Lower Silesian Offensive

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Lower Silesian Offensive
Part of Eastern Front of World War II
Date February 8, 1945 – February 24, 1945
Location Lower Silesia
Result Soviet Victory
Belligerents
Flag of German Reich (1935–1945).svg Nazi Germany Soviet Union Soviet Union
Commanders and leaders
Flag of German Reich (1935–1945).svg Ferdinand Schörner Soviet Union Ivan Konev

The Lower Silesian Offensive (Russian: Нижне-Силезская наступательная операция) was a Soviet offensive on the Eastern Front of World War II in 1945, involving forces of the 1st Ukrainian Front under Marshal Ivan Konev. It cleared German troops from much of Lower Silesia and besieged a large German force in the provincial capital, Breslau.

Prelude[edit]

The offensive directly succeeded the Vistula–Oder Offensive, in which Konev's troops had driven the German Army Group A from Poland, liberating Kraków and taking bridgeheads over the Oder River.

Deployments[edit]

Red Army[edit]

Wehrmacht[edit]

The offensive[edit]

Pomeranian and Silesian offensives

Konev intended to break out of the Steinau and Ohlau bridgeheads, which had been secured at the end of the Vistula–Oder Offensive, on February 8. He preceded the initial attack with a fifty-minute artillery bombardment, his troops crossing the start lines at 06:00.[1] By the end of the day the Front's spearheads had penetrated some 60 km. The 3rd Guards Tank Army was ordered to wheel southwards and then eastwards in order to encircle the city of Breslau from the rear, while the 4th Tank Army continued its push westwards from the Steinau bridgehead.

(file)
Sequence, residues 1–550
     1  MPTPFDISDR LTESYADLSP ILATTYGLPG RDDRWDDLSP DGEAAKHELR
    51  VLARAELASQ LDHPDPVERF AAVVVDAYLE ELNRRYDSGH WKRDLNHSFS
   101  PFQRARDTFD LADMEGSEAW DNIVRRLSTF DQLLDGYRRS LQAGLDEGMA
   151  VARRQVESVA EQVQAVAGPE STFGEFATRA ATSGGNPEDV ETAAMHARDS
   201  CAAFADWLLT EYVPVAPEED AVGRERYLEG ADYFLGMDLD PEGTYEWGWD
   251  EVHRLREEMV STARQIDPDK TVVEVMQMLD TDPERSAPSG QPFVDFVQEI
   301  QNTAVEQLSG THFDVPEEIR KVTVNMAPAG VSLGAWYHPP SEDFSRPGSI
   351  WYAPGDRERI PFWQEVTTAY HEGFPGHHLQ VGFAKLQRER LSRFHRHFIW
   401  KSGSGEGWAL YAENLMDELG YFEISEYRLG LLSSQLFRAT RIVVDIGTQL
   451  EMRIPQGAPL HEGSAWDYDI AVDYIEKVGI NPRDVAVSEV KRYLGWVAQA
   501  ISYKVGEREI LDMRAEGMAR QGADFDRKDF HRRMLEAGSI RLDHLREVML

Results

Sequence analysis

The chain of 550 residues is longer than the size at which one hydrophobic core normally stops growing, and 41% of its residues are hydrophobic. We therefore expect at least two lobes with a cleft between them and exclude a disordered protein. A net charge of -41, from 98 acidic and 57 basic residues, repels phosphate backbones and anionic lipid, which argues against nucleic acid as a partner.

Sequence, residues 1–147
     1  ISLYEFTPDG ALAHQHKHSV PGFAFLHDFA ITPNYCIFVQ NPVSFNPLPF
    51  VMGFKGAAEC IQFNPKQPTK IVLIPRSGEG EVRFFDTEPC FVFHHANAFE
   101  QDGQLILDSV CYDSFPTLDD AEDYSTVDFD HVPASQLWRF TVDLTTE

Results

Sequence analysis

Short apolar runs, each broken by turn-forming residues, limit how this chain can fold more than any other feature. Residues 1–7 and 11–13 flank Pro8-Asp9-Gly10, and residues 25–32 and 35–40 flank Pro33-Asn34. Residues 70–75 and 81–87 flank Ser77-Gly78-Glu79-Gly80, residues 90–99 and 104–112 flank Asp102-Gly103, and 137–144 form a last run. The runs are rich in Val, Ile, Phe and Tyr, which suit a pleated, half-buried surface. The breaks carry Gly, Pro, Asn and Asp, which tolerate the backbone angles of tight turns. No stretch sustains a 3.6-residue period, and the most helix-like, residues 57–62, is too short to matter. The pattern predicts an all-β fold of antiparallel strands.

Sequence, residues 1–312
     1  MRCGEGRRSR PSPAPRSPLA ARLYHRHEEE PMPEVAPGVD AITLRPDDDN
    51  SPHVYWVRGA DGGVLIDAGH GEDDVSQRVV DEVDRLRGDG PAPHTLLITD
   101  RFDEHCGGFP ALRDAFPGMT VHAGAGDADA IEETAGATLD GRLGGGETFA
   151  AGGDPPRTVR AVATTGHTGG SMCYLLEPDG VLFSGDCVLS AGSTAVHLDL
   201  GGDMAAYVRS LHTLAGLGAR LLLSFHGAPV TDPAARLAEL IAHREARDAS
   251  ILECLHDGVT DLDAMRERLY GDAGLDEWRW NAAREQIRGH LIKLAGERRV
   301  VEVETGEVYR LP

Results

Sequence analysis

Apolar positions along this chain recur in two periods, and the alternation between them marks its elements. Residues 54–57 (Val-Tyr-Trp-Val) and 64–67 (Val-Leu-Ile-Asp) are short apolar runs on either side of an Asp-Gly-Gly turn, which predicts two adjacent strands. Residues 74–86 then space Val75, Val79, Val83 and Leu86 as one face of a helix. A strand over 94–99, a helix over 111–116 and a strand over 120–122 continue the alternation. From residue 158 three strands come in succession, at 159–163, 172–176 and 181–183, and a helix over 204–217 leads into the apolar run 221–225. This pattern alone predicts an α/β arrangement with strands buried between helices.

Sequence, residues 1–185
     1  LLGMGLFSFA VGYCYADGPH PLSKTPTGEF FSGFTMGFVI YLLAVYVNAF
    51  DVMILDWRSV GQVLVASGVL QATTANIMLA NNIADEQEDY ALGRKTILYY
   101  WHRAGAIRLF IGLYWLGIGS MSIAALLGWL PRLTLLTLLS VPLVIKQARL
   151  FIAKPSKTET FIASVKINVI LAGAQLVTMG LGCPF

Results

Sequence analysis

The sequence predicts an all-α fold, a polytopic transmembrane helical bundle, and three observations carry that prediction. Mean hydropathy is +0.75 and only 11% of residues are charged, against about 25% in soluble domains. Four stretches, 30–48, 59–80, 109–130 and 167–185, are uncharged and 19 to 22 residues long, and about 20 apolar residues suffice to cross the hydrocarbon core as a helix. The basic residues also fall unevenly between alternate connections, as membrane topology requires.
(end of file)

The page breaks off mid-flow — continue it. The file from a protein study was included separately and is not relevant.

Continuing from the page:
By February 15, forces from the two bridgeheads had surrounded Breslau while 3rd Guards Tank Army had closed the gap to the west, only elements of the German 269th Infantry Division managing to withdraw. Another 35,000 troops and 80,000 civilians had been blockaded in Breslau.[2] The resulting Siege of Breslau lasted until the very end of the war.

The 4th Tank Army, in the meantime, had pushed far ahead towards the Neisse River, against some resistance from Fourth Panzer Army. On February 14, two German corps (the Grossdeutschland and XXIV Panzer Corps) mounted a sudden counter-attack that left Lelyushenko's force in a desperate fight to avoid encirclement.[3] The Germans were unable to close the encirclement, and ceased attacking operations within five days, when the 52nd Army and 3rd Guards Tank Army were able to secure the flanks of Lelyushenko's position.

On February 24, faced with heavy German reinforcement, Konev closed the offensive phase of operations, having secured a small bridgehead across the Neisse near Forst. This effectively defined the start lines in that sector for the Battle of Berlin, or Berlin Offensive, two months later.

Aftermath[edit]

Schoerner attempted to win back some territory during March with successful counter-attacks at Lauban and Striegau. An offensive to relieve Breslau was however disrupted by an offensive on the 1st Ukrainian Front's right flank to the south-east: the Upper Silesian Offensive Operation.

References[edit]

Footnotes[edit]

  1. ^ Duffy, p.132
  2. ^ Duffy, p.134
  3. ^ Duffy, p.135

Further reading[edit]

  • Ryszard Majewski, Dolny Śląsk 1945. Wyzwolenie [Lower Silesia 1945. Liberation], 1982
  • B. Dolata, Wyzwolenie Dolnego Śląska w 1945 [Liberation of Lower Silesia in 1945], Wyd. Ossolineum, 1970

External links[edit]